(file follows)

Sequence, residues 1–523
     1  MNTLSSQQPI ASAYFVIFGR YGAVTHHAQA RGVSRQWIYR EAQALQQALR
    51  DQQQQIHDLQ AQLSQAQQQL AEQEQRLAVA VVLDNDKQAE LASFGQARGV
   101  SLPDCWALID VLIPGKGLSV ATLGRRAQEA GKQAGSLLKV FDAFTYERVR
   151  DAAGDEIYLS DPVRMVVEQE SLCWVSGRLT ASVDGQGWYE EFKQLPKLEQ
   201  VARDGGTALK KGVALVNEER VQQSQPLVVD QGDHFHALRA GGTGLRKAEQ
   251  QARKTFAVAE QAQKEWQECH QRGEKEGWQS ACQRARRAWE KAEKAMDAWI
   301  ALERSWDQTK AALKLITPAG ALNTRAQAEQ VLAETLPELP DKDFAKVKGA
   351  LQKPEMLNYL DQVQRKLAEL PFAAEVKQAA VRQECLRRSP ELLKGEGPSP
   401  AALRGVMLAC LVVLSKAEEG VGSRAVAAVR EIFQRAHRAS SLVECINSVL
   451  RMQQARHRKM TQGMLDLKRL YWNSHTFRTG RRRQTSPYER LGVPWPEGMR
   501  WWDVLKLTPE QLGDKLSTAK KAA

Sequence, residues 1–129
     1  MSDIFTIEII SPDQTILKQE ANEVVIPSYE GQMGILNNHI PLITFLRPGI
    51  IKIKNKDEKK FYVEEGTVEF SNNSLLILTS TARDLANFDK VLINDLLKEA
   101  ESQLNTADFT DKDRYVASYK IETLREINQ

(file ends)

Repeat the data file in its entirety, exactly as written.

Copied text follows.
Sequence, residues 1–523
     1  MNTLSSQQPI ASAYFVIFGR YGAVTHHAQA RGVSRQWIYR EAQALQQALR
    51  DQQQQIHDLQ AQLSQAQQQL AEQEQRLAVA VVLDNDKQAE LASFGQARGV
   101  SLPDCWALID VLIPGKGLSV ATLGRRAQEA GKQAGSLLKV FDAFTYERVR
   151  DAAGDEIYLS DPVRMVVEQE SLCWVSGRLT ASVDGQGWYE EFKQLPKLEQ
   201  VARDGGTALK KGVALVNEER VQQSQPLVVD QGDHFHALRA GGTGLRKAEQ
   251  QARKTFAVAE QAQKEWQECH QRGEKEGWQS ACQRARRAWE KAEKAMDAWI
   301  ALERSWDQTK AALKLITPAG ALNTRAQAEQ VLAETLPELP DKDFAKVKGA
   351  LQKPEMLNYL DQVQRKLAEL PFAAEVKQAA VRQECLRRSP ELLKGEGPSP
   401  AALRGVMLAC LVVLSKAEEG VGSRAVAAVR EIFQRAHRAS SLVECINSVL
   451  RMQQARHRKM TQGMLDLKRL YWNSHTFRTG RRRQTSPYER LGVPWPEGMR
   501  WWDVLKLTPE QLGDKLSTAK KAA

Sequence, residues 1–129
     1  MSDIFTIEII SPDQTILKQE ANEVVIPSYE GQMGILNNHI PLITFLRPGI
    51  IKIKNKDEKK FYVEEGTVEF SNNSLLILTS TARDLANFDK VLINDLLKEA
   101  ESQLNTADFT DKDRYVASYK IETLREINQ